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Johnson Controls withdrew from A123 Systems bankruptcy auction

A123 Systems reaches agreement to sell substantially all assets to Wanxiang for $256.6M

A123 Systems, Inc. reached agreement on the terms of an asset purchase agreement with Wanxiang America Corporation through which Wanxiang would acquire substantially all of A123’s assets for $256.6 million. (Earlier post.) Wanxiang outbid a joint Johnson Controls and NEC offer and a bid from Siemens in an auction held on 6 December for the assets of the bankrupt Li-ion battery maker.

According to the terms of the asset purchase agreement, Wanxiang would acquire A123’s automotive, grid and commercial business assets, including all technology, products, customer contracts and US facilities in Michigan, Massachusetts and Missouri; its cathode powder manufacturing operations in China; and its equity interest in Shanghai Advanced Traction Battery Systems Co., A123’s joint venture with Shanghai Automotive.

Excluded from the asset purchase agreement with Wanxiang is A123’s Ann Arbor, Mich.-based government business, including all US military contracts, which would be acquired for $2.25 million by Navitas Systems, a Woodridge, Ill.-based provider of energy-enabled system solutions and energy storage products for commercial, industrial and government agency customers.

The completion of the sale to Wanxiang is subject to certain closing conditions, including approval from the Court as well as from the Committee for Foreign Investment in the United States (CIFIUS). Because the total purchase price for A123’s assets would be less than the total amount owed to creditors, the Company does not anticipate any recoveries for its current shareholders and believes its stock to have no value.

The agreement was reached following an auction conducted under the supervision of the United States Bankruptcy Court for the District of Delaware. A hearing at which A123 and Wanxiang will seek the required Court approval of the sale is scheduled for Tuesday, 11 December 2012.

As we had hoped, the auction process for A123’s assets was robust and competitive. We are pleased with the result of the auction and believe that the selected bids from Wanxiang and Navitas maximize the value of A123’s assets for the benefit of our stakeholders. We expect that the sale will be approved by the Court, at which time we plan to execute the separate asset purchase agreements with Wanxiang and Navitas.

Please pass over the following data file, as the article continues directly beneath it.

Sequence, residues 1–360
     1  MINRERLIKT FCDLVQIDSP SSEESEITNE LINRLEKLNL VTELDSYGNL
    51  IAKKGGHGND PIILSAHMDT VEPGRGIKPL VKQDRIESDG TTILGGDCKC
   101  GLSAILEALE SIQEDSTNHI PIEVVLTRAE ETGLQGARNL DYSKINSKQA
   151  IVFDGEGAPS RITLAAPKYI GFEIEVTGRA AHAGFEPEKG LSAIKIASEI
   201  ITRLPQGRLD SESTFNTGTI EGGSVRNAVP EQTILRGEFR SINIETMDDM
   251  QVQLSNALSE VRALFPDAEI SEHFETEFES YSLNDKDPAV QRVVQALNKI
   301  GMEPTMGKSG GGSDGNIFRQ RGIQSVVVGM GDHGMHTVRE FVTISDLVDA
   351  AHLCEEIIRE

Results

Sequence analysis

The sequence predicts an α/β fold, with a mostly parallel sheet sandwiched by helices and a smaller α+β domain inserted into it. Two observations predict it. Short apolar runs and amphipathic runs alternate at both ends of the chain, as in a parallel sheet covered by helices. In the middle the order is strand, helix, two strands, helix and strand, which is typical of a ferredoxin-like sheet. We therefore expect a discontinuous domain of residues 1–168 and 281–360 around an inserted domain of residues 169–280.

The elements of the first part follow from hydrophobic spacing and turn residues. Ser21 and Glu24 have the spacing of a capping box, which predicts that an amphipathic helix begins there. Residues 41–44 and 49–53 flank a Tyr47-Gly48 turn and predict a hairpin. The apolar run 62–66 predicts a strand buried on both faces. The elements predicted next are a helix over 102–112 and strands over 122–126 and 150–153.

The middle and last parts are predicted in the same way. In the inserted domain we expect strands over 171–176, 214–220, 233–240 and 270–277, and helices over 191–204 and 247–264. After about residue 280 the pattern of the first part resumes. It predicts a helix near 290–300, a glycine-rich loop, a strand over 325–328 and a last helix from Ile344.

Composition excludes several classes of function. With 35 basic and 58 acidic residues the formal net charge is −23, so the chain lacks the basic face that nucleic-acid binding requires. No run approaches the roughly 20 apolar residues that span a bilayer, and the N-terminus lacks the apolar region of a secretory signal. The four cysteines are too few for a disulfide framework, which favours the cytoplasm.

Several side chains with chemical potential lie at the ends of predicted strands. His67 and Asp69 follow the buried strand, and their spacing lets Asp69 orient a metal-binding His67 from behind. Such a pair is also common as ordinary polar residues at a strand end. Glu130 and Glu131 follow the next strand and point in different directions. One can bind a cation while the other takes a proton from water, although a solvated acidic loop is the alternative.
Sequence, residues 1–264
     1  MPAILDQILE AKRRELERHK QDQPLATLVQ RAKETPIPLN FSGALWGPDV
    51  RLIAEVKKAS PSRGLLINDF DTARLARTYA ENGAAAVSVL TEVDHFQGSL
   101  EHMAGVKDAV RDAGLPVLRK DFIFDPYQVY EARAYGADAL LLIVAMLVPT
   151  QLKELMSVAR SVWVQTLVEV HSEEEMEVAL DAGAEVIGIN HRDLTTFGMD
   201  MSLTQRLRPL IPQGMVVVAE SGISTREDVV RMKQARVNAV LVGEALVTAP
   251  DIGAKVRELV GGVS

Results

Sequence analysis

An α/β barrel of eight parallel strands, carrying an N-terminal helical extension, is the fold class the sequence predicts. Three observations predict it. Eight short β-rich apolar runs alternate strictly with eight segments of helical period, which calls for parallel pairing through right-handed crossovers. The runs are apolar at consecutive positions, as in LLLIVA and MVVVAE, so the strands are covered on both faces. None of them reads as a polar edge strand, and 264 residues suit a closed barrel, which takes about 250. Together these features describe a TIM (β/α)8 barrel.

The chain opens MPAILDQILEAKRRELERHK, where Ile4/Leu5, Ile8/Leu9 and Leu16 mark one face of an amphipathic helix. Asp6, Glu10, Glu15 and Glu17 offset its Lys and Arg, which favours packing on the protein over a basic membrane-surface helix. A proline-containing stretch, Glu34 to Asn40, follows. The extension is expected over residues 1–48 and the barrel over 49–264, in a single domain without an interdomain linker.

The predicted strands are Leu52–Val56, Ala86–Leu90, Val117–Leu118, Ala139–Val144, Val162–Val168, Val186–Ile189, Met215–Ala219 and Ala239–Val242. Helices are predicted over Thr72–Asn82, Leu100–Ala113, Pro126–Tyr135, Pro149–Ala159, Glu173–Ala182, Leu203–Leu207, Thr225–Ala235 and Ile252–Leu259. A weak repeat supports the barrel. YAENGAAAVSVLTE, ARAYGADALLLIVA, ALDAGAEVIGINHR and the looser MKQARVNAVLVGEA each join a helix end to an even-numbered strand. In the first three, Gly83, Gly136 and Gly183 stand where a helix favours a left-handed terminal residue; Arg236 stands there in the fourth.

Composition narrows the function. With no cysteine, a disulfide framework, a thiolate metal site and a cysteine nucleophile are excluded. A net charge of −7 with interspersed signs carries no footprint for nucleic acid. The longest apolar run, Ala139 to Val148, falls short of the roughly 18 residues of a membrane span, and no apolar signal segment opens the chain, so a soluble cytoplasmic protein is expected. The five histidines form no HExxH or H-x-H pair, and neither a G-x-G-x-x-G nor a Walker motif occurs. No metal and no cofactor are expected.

We think we have structured this transaction to address potential national security concerns expressed during the review of our previous investment agreement with Wanxiang announced in August as well as to address concerns raised by the Department of Energy. We believe this transaction balances those risks with A123’s obligation to act in the best interest of our creditors.

—Dave Vieau, CEO of A123

Based in Chicago, Wanxiang America has been in the automotive and industrial markets in the US since 1994 and currently has more than 3,000 employees in the US. It is a subsidiary of Wanxiang Group, China’s largest automotive components manufacturer and one of China’s largest non-state-owned companies. A123 is Wanxiang’s fifth clean energy investment in the US in 2012.

We believe that A123’s industry-leading technology for vehicle electrification, grid energy storage and other industries complements Wanxiang’s strong R&D and manufacturing capabilities, so we think adding A123 to our portfolio of businesses strongly aligns with our strategy of investing in the automotive and cleantech industries in the US.

We plan to build on the engineering and manufacturing capabilities that A123 has established in the US and we are committed to making the long-term investments necessary for A123 to be successful.

—Pin Ni, president of Wanxiang America

Comments

CarCrazy

HarveyD .... There are good examples (at least in Power Electronics Industry) that US companies stay and manufacture in USA and very competitive all over the world (SynQor (MA, taxochussets) is one of them). It looks like that as long as big shots are not hurt by outsorcing it will continue. The normal way to go is to use highly automated production but ... USA and Canada do not have enough qualified work force. So, we are stuck with high paid unqualified work force trying to compete. In now a days of high unemployment there are tons of openings all over the country for high qualified people.